• 14May

    “Camarón que se duerme, se lo lleva la corriente” literally means “the shrimp that sleeps is carried away by the current”. One equivalent phrase in English is “you snooze, you lose”.

  • 29Jul

    We use the phrase “to be with it” to convey that a person is up to date with current trends or “hip”. In Spanish, one similar phrase is “estar en la onda”, which means “to be on the wave”.

  • 28May

    When someone has been thoroughly fooled we say “he bought it hook, line and sinker”. In Spanish, the equivalent phrase uses only the hook: “se tragó el anzuelo”, which means “he swallowed the hook”.

  • 19Nov

    A couple of “nautical” idioms. When we seek a refuge from danger, we might use the phrase “any port in a storm”. The equivalent saying in Spanish is “la necesidad carece de ley”, which translates literally to “necessity has no law”. A “safe harbor” in Spanish is a “good port”, as in “buen puerto”.

  • 13Dec
    Categories: Nautical Comments: 0

    A couple of sea “mar” related sayings. “Quien no se arriesga no pasa la mar” literally translates to “He who does not risk himself does not cross the sea”. The equivalent in English is “Nothing ventured, nothing gained”. Note that mar can be “el mar” or “la mar”.  “Arar en el mar” means to “To plow in the sea”. This saying describing a futile effort has a similar counterpart in English: “To plow in the sands”.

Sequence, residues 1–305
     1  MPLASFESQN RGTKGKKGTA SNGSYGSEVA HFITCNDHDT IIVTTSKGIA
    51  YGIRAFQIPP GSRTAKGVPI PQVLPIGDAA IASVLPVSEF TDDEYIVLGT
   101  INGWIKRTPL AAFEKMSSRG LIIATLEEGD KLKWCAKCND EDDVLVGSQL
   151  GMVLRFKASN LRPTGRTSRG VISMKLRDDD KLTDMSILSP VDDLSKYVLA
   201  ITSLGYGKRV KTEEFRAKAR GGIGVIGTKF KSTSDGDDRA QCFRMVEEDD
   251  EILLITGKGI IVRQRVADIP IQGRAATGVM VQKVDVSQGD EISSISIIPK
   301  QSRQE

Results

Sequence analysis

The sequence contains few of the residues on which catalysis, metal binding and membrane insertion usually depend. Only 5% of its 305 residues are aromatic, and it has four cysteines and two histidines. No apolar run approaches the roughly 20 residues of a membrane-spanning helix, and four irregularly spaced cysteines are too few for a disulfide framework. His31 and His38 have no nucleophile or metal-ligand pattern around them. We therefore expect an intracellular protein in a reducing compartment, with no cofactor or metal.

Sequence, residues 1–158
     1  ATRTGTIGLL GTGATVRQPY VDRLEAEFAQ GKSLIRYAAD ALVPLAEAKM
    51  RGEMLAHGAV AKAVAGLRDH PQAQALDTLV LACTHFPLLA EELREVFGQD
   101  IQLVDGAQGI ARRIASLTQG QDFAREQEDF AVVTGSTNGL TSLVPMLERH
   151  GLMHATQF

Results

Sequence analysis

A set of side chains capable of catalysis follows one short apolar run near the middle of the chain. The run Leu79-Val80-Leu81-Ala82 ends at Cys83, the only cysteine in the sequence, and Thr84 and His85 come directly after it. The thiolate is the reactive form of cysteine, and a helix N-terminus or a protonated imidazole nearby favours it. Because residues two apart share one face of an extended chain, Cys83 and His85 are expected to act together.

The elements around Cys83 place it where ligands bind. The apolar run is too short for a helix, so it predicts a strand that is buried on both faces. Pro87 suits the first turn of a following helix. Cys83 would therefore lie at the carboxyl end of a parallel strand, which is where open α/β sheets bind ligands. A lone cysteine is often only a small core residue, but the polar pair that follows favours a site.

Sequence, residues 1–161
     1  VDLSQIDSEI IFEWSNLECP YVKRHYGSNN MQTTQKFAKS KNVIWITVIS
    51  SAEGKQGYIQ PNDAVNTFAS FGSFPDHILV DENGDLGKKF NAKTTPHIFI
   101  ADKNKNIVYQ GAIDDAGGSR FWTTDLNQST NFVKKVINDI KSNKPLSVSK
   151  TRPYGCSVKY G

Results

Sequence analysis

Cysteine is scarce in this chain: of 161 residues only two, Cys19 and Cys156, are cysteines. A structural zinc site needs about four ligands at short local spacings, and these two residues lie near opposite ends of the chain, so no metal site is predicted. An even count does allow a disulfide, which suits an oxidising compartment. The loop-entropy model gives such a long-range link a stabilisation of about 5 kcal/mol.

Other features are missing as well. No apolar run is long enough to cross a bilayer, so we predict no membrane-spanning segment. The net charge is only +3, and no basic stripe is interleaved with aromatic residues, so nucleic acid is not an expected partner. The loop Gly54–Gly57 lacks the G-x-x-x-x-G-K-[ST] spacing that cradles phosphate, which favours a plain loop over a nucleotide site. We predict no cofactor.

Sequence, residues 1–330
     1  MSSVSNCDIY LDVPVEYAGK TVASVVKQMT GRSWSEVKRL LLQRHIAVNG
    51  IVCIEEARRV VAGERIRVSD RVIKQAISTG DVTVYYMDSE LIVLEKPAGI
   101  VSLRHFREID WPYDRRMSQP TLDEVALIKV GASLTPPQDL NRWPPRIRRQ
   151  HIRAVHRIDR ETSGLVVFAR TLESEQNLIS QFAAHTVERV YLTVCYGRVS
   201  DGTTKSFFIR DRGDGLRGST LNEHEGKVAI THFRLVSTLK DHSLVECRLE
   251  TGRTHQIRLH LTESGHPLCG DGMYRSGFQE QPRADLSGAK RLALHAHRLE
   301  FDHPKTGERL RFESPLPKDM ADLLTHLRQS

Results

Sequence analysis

• 29Nov
    Categories: Nautical Comments: 0

    A couple of nautical or sea related sayings. “Remar en la misma galera” literally translates to “To row in the same galley”. In English we have a similarly nautical based idiom: “To be in the same boat” connoting that sometimes people’s fortunes are intertwined. “Dejarse llevar por (de) la corriente” literally means “to let oneself be carried away by the current”. The equivalent in English is “to follow the herd”.

  • 07Nov
    Categories: Nautical Comments: 0

    Two idioms involving “mar” or “sea” in a new category: nautical.

    In English a veteran sailor is called colloquially a “sea dog” or an “old salt”. In Spanish the equivalent is “lobo de mar” which means “sea wolf’”. 

    “Echar agua la mar” literally translates as “To throw water into the sea”.  We still use the British saying “To carry coals to Newcastle”.